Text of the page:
Ukraine's Government has been interested in joining the group for some time.

Putin had said he would step down his military advances if NATO prohibited Ukraine from joining its alliance – a demand that was rejected.

Dr Summers said Russia is keen to keep Ukraine as a buffer between itself and the west.

He said: "Russia has states to the west including Ukraine and Belarus, which it sees as a buffer between Russia and the west.

"NATO expansion has always been a fear for Moscow, because Putin wants to keep it under his sphere of influence.

"Putin and the people around him have made fortunes by controlling Russian oil and gas. They have entrenched themselves in power and don't want to lose it.

"So he hates the example Ukraine has set, where people have the power to change Governments, fearing he could lose an election and power.

"He wants to take over and put a Russian puppet leader in place.

"He hates the idea of democracy and allowing Ukraine to peacefully elect a government sets a dangerous precedent for him."

Dr Summers also says he believes Putin couldn't afford to retire peacefully as he "may not be left alone" as answers are demanded over the loss of 13,000 lives in Ukraine since 2014 and the downing of flight MH17 the same year by Russian separatists.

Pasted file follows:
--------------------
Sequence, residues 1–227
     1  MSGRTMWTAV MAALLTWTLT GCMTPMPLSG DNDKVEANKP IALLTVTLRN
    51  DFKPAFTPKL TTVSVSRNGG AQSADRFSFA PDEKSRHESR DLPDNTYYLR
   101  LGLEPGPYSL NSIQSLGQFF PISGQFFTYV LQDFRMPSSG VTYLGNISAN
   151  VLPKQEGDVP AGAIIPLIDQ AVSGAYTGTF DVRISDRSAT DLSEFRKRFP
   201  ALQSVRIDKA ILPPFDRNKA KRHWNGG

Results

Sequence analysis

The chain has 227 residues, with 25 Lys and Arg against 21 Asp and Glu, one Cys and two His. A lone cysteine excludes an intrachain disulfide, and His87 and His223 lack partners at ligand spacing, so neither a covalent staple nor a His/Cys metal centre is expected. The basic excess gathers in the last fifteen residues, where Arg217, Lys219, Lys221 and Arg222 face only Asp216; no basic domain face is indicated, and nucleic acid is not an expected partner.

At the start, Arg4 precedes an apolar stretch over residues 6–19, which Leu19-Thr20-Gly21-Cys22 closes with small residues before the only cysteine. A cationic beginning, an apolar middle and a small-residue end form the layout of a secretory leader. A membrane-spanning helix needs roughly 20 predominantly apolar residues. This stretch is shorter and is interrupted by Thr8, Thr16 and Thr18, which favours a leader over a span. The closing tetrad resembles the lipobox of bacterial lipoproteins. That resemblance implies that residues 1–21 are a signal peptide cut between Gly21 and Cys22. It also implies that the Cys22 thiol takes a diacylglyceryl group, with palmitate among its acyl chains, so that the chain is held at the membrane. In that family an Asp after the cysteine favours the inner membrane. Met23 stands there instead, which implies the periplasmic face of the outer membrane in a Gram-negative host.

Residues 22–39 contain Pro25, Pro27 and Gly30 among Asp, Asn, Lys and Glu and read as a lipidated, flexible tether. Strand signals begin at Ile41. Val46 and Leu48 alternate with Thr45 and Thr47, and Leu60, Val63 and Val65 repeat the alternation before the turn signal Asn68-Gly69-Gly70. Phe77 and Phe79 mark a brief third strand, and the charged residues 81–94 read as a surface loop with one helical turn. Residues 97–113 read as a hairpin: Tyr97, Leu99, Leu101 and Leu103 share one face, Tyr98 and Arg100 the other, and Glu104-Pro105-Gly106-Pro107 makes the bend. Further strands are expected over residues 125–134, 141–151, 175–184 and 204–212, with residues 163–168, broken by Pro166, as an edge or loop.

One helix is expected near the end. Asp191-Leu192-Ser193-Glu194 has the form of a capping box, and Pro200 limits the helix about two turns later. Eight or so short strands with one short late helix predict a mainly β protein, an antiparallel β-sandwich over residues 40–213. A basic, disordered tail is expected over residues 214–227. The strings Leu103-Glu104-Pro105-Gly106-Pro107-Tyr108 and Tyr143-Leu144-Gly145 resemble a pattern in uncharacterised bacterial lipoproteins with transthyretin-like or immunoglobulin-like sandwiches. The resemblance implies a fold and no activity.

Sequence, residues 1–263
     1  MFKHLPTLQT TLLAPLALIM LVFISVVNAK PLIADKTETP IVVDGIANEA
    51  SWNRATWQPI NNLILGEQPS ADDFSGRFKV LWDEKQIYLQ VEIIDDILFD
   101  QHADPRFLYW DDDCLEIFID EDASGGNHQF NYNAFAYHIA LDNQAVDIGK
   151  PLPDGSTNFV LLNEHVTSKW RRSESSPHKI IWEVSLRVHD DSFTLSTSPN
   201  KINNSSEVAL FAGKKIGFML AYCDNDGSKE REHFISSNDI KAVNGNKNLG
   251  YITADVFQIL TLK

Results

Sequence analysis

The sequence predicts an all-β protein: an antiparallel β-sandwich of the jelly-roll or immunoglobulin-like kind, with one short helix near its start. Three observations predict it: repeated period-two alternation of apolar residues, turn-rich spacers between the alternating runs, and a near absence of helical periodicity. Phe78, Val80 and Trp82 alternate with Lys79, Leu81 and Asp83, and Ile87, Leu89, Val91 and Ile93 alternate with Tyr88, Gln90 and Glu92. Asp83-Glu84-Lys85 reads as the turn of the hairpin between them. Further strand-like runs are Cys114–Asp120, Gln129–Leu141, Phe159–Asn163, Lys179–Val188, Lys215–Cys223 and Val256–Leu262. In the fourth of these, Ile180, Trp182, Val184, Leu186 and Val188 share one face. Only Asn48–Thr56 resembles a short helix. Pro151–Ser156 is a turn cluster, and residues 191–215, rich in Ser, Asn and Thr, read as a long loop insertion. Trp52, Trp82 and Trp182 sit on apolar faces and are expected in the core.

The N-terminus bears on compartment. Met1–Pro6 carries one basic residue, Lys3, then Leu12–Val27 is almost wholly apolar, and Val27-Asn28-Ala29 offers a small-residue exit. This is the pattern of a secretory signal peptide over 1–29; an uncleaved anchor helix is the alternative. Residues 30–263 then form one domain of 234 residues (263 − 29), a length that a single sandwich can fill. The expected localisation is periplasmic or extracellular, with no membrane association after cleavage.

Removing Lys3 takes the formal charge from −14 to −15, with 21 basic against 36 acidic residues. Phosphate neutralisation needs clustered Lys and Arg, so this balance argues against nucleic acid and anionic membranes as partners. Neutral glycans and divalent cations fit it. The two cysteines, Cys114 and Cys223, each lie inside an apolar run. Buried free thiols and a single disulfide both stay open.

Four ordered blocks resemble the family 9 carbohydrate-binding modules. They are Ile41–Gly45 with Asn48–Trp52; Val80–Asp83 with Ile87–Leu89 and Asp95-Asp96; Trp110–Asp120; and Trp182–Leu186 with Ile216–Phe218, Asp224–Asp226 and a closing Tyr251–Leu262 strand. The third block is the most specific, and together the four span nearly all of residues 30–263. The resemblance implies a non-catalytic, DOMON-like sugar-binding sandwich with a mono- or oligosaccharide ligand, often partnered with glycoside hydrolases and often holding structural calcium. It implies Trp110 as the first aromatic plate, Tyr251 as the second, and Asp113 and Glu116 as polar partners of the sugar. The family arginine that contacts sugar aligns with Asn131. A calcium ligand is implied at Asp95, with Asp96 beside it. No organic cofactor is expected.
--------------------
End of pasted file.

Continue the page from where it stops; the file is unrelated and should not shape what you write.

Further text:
Another factor for the invasion is Slav nationalism, something Dr Summers says Putin has been "very explicit" about.

He said: "He put a lengthy essay on the Kremlin's website last July and people reading it were thinking he wasn't really serious, but he was totally serious."

In the essay he outlined why he didn't believe Ukraine was a separate nation. He sees it as an artificial creation and that naturally, Russia and Ukraine are one nation."

After the cold war breakdown of the Soviet Union when Russian rulers allowed smaller states to break away and run democratically without the fear of force from Moscow.

Now Dr Summers believes Putin is trying to undo the process, by saying "we don't care about your sovereignty".

Dr Summers said: "He sees himself on a nationalist mission to reunite Eatern Slavs as Vladimir, Unifier of the East.

"He wants to go back to ancient Kingdoms, when Russia was ruled by Tzars, but it's a concocted history.

"It's like arguing Britain can take half of France because it was part of our medieval kingdom. Actually, it's like saying we'll have Denmark too. It's genuinely wacky."

The course of things can be directly compared to what happened with Adolf Hitler and the Nazi's. He decided things should be decided by Aryans and to unite all of Germany under one Reich.